, ,

Tutorial: Empty Box in Nomad Sculpt

Another Nomad Sculpt tutorial today. This time we will be creating an empty box.

When I started out with Nomad Sculpt, creating clean hole-like cuts, was a mystery to me. Tutorials on Nomad Sculpt are scarce, so I tried many tricks of my own invention, with mixed results. Holes weren’t as ”clean” and edges weren’t as sharp as I would have liked.

Messy edges in Nomad Sculpt

Lately, however, after a lot of trial and error, I found a way that seems to work in most cases.

Clean edges in Nomad Sculpt (or as clean as they can get)

Hence the tutorial. I am so ecstatic about this method that I had to share it with the world! Without further ado, let’s jump straight to it.

Firstly I am deleting the default sphere and I am adding a box.

Deleting the default sphere and adding a box

While in the resolution tab, I am tapping the subdivide button a few times. To explain what subdivision is and how it affects our 3D model, is a whole chapter of its own. For the sake of this tutorial, suffice to say that subdivision multiplies the vertices by four, thus increasing the resolution, which comes in handy when we are doing a lot of dividing and cutting – just like we are about to do! However high resolution comes with a price, don’t get enthusiastic and get the highest resolution you can. (Why? Once again, a chapter of its own, but you can read about my personal experience here)

Tapping the subdivide button to increase the resolution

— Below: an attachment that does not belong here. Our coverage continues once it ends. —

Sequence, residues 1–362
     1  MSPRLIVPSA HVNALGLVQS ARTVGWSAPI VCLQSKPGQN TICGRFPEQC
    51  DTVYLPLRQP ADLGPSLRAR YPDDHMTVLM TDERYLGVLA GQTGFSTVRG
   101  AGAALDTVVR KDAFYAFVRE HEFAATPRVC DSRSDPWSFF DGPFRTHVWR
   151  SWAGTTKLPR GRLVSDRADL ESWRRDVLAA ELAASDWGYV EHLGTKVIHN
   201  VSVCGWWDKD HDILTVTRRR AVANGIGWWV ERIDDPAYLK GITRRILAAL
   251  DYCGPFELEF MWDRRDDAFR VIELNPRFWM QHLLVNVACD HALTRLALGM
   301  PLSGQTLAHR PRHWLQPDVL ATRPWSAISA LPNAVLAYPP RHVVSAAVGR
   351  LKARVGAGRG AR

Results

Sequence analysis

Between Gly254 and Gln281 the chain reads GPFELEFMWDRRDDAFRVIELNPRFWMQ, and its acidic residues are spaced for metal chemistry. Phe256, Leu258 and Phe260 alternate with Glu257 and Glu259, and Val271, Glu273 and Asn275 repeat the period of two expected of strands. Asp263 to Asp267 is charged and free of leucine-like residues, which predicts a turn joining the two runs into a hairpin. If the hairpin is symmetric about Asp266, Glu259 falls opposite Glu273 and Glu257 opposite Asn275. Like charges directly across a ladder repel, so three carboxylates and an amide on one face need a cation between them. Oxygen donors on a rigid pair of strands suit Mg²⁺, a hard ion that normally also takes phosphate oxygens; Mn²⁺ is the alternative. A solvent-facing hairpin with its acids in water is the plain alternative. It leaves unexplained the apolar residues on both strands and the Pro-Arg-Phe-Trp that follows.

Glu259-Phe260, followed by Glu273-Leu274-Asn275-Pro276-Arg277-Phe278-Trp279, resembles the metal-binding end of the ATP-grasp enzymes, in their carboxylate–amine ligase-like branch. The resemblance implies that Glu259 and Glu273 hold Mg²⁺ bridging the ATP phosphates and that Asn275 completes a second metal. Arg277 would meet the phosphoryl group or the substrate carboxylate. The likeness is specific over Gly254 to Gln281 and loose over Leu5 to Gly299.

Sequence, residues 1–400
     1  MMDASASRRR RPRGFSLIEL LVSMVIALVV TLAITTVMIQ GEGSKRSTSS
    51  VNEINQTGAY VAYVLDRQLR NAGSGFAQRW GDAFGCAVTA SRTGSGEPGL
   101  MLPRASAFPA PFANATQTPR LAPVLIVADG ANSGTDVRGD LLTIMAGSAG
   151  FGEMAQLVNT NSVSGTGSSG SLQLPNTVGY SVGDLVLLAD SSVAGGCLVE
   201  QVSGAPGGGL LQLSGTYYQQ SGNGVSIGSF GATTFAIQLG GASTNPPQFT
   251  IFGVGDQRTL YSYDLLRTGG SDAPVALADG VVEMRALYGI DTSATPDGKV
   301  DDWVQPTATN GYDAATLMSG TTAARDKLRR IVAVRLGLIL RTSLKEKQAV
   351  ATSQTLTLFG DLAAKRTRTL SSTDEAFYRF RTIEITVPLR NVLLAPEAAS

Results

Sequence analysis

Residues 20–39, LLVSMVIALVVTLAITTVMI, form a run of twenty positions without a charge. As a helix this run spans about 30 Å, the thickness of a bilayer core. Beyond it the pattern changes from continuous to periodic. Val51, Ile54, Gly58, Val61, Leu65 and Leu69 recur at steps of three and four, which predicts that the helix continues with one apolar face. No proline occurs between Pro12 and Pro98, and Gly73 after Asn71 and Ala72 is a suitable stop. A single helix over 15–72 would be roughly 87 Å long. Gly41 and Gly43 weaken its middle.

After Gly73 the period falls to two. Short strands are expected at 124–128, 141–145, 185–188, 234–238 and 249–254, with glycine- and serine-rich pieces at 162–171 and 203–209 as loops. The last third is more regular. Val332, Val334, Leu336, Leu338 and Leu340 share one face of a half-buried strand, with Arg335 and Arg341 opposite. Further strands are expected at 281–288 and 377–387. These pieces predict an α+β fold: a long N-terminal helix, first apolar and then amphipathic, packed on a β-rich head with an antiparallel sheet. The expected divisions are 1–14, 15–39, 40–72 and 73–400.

Now I am going to split the ”bottom” of the box from the ”walls”, or more precisely the part that will become the walls. While in ”front” view, I am using the rectangular ”split” tool to cut the bottom.

Splitting the bottom of the box from the upper part

I change to ”top” view and using the rectangular “trim” tool, I make a square.

Making a square with the trim tool

Tha’t it. I now tick both boxes on the scene menu, and tap “voxel merge”.

Merging the two volumes

The box is practically ready. To create the lid, I am simply duplicating the merged box and, using the gizmo tool on the vertical menu, I am editing the shape so that it, well, looks like a lid!

Duplicating the box
Manipulating the lid using gizmo tool

The box is done. Now I am gonna decorate it, making a ribbon-like thingy on the lid. You can leave it as is, or you can create the ribbon-ish design too, or you can make your own decoration! Anyways, I am beginning with the “lathe” tool on the right vertical menu, to create a pyramid like shape. I am making sure that ”hole” is on.

Creating a pyramid with the ”lathe” tool

Using the gizmo tool, I am manipulating the shape so that it lays flat on the surface of the lid.

Manipulating the pyramid with the gizmo tool

I am duplicating the pyramid multiple times.

Duplicating the pyramid

And using the gizmo tool, I am manipulating each pyramid so that my image looks something like this:

Manipulating the pyramids with gizmo tool

I will now repeat the whole pyramid process, but with cylinders this time. I am placing them in the middle of the shape, until I take something like this:

Adding cylinders

Just a little warning, it might take a while to get the grasp of the the gizmo tool, especially if you are a beginner. Be patient, be kind to yourself, and don’t be afraid to experiment and simplify shapes!

This is actually what I did with the ribbon thingy. It is not constructed the same way a real ribbon is, but still it looks pretty convincing, right?

Simplified decorative ribbon in Nomad Sculpt

That’s it! Some painting and the box is done. Painting and lighting is really basic here, but a detailed painting tutorial is coming soon! Stay tuned and happy sculpting!

Empty box in Nomad Sculpt

Did you like this article? Share it!

Leave a Reply

Your email address will not be published.

Related Articles

For questions or business inquiries

Get In Touch

You can also follow me on my social media!